Animal Treatment

      Male Sprague-Dawley rats (150 g to 175 g) were purchased from Charles River (Wilmington, MA) and maintained in a temperature-controlled environment (20°C to 22°C) with a 12:12-hour light-dark cycle. Unless otherwise indicated, animals had free access to drinking water and standard rat chow. All animal experiments were approved by and were performed in accordance with the guidelines of the Baylor Scott & White Institutional Animal Care and Use Committee. Rats underwent BDL or sham surgery, as described previously,
      • Glaser S.
      • Benedetti A.
      • Marucci L.
      • Alvaro D.
      • Baiocchi L.
      • Kanno N.
      • Caligiuri A.
      • Phinizy J.L.
      • Chowdhury U.
      • Papa E.
      • LeSage G.
      • Alpini G.
      Gastrin inhibits cholangiocyte growth in bile duct-ligated rats by interaction with cholecystokinin-B/gastrin receptors via D-myo-inositol 1,4,5-triphosphate-, Ca(2+)-, and protein kinase C alpha-dependent mechanisms.
      and were treated with vehicle, Gal 1-29, or the GalR1 agonist M617 (both at 100 pmol/rat per day) via intraperitoneal i.p.-implanted minipumps for up to 4 weeks, commencing at the time of surgery. In parallel, rats were treated with galanin-specific vivo morpholino (5′-TAGTGCAGGTCCAAGTGTCTCCGTC-3′, 4 μg/rat per day, i.v.) or a control sequence that has five bases altered (5′-TACTCCAGCTCCAACTCTCTCCGTC-3′, 4 μg/rat per day, i.v.), for 3 days before sham or BDL surgery and throughout the experiment. On the days indicated after surgery, cholangiocytes and hepatocytes were isolated following the method described previously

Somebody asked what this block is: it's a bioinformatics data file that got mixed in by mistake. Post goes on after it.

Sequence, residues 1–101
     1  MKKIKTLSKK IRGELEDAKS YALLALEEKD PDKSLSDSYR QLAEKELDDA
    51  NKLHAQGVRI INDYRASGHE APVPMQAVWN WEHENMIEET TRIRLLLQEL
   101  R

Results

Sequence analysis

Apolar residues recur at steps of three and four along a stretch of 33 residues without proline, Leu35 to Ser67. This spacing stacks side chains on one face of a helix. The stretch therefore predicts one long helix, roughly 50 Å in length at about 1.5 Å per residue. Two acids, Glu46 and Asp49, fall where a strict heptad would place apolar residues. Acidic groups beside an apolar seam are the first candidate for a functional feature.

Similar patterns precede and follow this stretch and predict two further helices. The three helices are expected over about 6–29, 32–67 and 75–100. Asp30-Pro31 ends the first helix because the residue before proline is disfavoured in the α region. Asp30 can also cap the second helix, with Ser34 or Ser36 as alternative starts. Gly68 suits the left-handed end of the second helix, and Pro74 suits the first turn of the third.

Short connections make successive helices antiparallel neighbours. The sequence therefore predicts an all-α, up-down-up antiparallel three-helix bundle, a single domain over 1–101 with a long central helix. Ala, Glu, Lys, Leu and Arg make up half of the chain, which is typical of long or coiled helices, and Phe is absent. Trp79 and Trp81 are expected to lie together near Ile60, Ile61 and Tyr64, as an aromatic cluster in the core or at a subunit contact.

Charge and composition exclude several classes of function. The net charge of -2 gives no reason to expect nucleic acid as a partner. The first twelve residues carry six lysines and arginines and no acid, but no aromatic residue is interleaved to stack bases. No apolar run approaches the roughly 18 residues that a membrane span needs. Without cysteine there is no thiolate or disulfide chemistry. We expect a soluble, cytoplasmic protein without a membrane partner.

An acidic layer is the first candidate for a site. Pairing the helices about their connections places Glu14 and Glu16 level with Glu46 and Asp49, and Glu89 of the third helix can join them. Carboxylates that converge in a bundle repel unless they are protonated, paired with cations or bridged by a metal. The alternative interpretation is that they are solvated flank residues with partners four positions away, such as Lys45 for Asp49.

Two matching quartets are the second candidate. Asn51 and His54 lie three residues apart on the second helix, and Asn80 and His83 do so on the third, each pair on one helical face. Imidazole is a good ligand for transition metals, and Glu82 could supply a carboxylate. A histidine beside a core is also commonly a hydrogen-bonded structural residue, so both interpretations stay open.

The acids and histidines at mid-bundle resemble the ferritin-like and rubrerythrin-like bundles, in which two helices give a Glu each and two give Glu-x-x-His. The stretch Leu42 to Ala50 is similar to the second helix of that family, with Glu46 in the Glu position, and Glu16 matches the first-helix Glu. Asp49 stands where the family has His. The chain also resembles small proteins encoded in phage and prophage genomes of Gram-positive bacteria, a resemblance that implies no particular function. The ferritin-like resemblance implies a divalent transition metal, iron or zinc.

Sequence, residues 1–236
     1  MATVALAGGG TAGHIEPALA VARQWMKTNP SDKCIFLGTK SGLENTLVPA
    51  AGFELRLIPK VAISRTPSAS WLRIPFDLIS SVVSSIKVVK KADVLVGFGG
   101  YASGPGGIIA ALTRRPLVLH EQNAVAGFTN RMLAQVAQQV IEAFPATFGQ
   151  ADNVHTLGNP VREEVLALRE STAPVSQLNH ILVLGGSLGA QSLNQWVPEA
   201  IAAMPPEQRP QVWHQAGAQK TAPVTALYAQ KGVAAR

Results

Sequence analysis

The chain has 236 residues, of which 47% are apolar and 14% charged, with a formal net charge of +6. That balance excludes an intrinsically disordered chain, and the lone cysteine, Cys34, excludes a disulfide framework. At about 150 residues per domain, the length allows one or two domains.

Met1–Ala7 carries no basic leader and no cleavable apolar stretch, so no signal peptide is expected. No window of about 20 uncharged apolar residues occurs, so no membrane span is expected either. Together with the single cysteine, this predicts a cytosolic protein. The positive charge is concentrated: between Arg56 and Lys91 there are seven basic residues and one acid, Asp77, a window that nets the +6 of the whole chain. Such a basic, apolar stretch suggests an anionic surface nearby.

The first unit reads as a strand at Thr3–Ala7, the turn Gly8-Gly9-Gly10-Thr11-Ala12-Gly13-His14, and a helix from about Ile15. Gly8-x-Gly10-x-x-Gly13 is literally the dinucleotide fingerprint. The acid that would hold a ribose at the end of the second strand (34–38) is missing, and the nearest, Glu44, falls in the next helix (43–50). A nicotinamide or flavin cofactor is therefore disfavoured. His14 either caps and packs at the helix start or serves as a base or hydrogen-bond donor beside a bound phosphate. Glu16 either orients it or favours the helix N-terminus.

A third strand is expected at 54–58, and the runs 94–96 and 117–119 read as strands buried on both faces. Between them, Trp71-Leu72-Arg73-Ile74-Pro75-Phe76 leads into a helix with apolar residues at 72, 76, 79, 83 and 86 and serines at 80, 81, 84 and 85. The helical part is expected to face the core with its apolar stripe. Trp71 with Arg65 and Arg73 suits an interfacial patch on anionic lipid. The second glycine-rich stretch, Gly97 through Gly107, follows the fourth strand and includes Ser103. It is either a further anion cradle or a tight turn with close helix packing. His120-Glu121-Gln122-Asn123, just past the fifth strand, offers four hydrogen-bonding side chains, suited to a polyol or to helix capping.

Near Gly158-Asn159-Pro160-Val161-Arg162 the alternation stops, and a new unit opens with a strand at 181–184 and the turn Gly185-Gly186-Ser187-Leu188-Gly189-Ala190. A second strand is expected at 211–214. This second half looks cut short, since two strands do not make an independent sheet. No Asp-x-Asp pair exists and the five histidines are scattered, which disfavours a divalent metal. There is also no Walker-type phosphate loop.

• Alpini G.
      • Roberts S.
      • Kuntz S.M.
      • Ueno Y.
      • Gubba S.
      • Podila P.V.
      • LeSage G.
      • LaRusso N.F.
      Morphological, molecular, and functional heterogeneity of cholangiocytes from normal rat liver.
      and tissue and serum were collected for further analysis.

      Galanin and GalR1 Expression

      Serum levels of galanin were assessed after sham or BDL surgery by enzyme immunoassay following the manufacturer's instructions. Galanin and/or GalR1 expression was assessed in cholangiocytes and hepatocytes isolated from sham or BDL tissue by real-time PCR
      • DeMorrow S.
      • Glaser S.
      • Francis H.
      • Venter J.
      • Vaculin B.
      • Vaculin S.
      • Alpini G.
      Opposing actions of endocannabinoids on cholangiocarcinoma growth: recruitment of Fas and Fas ligand to lipid rafts.
      and in liver tissue by immunohistochemistry,
      • DeMorrow S.
      • Francis H.
      • Gaudio E.
      • Ueno Y.
      • Venter J.
      • Onori P.
      • Franchitto A.
      • Vaculin B.
      • Vaculin S.
      • Alpini G.
      Anandamide inhibits cholangiocyte hyperplastic proliferation via activation of thioredoxin 1/redox factor 1 and AP-1 activation.
      • DeMorrow S.
      • Glaser S.
      • Francis H.
      • Venter J.
      • Vaculin B.
      • Vaculin S.
      • Alpini G.
      Opposing actions of endocannabinoids on cholangiocarcinoma growth: recruitment of Fas and Fas ligand to lipid rafts.
      as previously described.

      Cholangiocyte Proliferation, Serum Chemistry, Inflammation, and Fibrosis in Vivo

      Cholangiocyte proliferation was assessed in liver sections by immunohistochemical staining for CK-19 to assess intrahepatic biliary mass and PCNA immunoreactivity as a marker of proliferative capacity using the method previously described.